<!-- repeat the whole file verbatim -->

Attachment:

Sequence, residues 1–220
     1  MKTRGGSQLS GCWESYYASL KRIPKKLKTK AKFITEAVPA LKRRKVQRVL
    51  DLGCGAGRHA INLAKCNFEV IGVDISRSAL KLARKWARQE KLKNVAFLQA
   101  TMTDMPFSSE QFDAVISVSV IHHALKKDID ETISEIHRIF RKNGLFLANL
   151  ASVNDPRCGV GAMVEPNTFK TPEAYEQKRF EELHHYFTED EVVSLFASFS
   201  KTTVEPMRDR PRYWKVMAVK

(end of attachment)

Sequence, residues 1–220
     1  MKTRGGSQLS GCWESYYASL KRIPKKLKTK AKFITEAVPA LKRRKVQRVL
    51  DLGCGAGRHA INLAKCNFEV IGVDISRSAL KLARKWARQE KLKNVAFLQA
   101  TMTDMPFSSE QFDAVISVSV IHHALKKDID ETISEIHRIF RKNGLFLANL
   151  ASVNDPRCGV GAMVEPNTFK TPEAYEQKRF EELHHYFTED EVVSLFASFS
   201  KTTVEPMRDR PRYWKVMAVK